A group of published UK-based authors and illustrators of picture books, children's and YA.
Writing a book is like making a flying unicorn. When you get the idea, it is brilliant – a flying unicorn is just what the world needs! In a fit of excitement, you promise this creature to your editors with nothing more than the title ‘Flying Unicorn’ and a synopsis, ‘I’ll make a horse, then I’ll add wings and a shiny horn in the middle of its head.’ Like God, you set to work, crafting a thing of beauty in seven days.
Part way down the line you realise something is going horribly wrong. You discover that you have, in fact been making this:
It’s a cat. A really good cat, because you’re great at cats, but you already sold your editors the last cat you made. So you start again. After giving birth to a few kittens, you finally end up with this:
This is not a flying unicorn. It’s a donkey. You can’t hand it in like that. It hasn’t even got wings. So you edit it.
That’ll do. You’re on a deadline after all. Seven days, remember? It’s been, like, seven months. Besides, your editors know what they’re doing, they’ll help you turn it into a flying unicorn, no problem.
Only it’s quite hard to go from a donkey wearing a party hat and fairy wings to a flying unicorn. Turning a donkey into a horse is hard enough. Your editors make some suggestions. Shorten the ears, change the tail, the coat, the bone structure and the temperament. Also the species. Basically, change everything, but keep it the same. Sort of.
You end up with this:
Dammit, where are the wings?! You quickly edit in the party hat and fairy wings, because you’ve forgotten that putting a pair of fairy wings on a horse doesn’t mean it can fly. You’re bored of the whole thing and think that this is the solution. The world doesn’t really need a flying unicorn, this’ll do.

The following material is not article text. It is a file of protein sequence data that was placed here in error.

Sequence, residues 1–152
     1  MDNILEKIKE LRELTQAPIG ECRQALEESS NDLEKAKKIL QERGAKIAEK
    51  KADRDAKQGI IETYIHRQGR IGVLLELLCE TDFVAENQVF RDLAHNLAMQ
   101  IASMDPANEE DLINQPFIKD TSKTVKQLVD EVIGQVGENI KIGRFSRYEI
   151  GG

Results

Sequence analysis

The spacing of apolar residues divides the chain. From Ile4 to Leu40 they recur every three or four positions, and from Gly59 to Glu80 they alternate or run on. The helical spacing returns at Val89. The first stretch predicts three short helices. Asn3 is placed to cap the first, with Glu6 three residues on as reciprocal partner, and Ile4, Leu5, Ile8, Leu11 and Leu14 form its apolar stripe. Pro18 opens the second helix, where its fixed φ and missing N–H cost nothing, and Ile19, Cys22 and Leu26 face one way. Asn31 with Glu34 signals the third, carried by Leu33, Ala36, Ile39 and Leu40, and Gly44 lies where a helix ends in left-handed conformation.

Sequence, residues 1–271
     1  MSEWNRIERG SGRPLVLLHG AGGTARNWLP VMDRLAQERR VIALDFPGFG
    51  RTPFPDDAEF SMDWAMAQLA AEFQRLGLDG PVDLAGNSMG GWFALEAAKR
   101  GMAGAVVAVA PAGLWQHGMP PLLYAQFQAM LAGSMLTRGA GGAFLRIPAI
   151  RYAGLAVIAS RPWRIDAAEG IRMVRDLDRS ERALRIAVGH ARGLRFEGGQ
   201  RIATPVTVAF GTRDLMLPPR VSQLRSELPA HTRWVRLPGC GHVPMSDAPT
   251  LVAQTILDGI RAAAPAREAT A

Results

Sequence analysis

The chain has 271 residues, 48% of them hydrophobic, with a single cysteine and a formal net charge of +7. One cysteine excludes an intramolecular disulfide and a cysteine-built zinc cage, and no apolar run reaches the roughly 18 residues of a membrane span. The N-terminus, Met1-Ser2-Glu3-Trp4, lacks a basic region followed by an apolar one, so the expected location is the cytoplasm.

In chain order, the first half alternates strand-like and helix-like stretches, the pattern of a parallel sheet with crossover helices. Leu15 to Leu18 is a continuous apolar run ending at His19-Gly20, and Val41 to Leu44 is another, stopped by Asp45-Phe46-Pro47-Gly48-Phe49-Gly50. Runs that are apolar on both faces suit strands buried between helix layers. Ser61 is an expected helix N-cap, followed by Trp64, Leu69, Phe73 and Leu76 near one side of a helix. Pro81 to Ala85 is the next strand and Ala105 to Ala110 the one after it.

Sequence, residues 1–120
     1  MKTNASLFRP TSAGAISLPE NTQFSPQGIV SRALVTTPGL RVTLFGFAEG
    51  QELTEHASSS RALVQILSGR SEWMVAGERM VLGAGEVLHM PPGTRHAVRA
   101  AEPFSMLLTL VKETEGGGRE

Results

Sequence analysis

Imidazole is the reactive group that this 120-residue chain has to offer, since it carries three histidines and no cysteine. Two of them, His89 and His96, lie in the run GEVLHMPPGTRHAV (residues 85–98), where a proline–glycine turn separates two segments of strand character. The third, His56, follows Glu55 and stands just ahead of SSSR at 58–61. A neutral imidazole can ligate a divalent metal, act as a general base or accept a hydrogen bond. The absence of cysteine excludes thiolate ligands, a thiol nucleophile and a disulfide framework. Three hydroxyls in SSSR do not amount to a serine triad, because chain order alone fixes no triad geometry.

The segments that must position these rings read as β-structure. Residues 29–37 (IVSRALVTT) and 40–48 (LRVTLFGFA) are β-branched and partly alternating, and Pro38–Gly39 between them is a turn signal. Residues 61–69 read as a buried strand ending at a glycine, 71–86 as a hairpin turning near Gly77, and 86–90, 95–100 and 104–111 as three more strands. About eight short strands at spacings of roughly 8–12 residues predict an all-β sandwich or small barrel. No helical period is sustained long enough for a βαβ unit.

Your editors aren’t quite so convinced. This is not as good as a flying unicorn. They have faith and politely remind you that before you made that really good cat (remember the cat?) you tried to convince them to publish a baby wearing pair of cat ears with whiskers drawn on its cheeks. Before that you’d handed in a gherkin in a jar.
You’d forgotten about that. You can only remember the perfect cat that you ended up with.
But your editors convince you that all you need to do is add wings and a horn. That’s all. You can do it. Wings go there. Horn goes here.
It’s not as easy as they make it sound, but once you’ve cried tears from your very bones, pulled inspiration from under your fingernails and bled through your eyes, you get this:
The instant your vision is realised, you forget the aborted cats and the flightless donkey. Look at this magnificent beast!
Two days later you have a fantastic idea for a fire-breathing badger-monkey. After all, you made a flying unicorn, how hard can it be?
Non Pratt has written a book called TROUBLE published by Walker Books in the UK, and by Simon and Schuster in the US. She is currently stuck at the horse-in-a-party-hat-and-fairy-wings stage of her second novel for teens. That fire-breathing badger-monkey will just have to wait.
Yes. Yes, yes, yes. That is exactly it.
Very good, so clear, now I know I must keep editing !!
This is absolutely hilarious. And lovely. And I liked the cat, perhaps more than the final unicorn #annoyingreader
Oh, God, that’s so true it hurts.
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I love this so much! Thank you.
Funnily enough, my new children’s book is called ‘I Wish I’d Been Born A Unicorn’ – and your techniques are scarily similar to the plot of the book. I also went through a similar process when writing it. Nail. On. Head. Hit.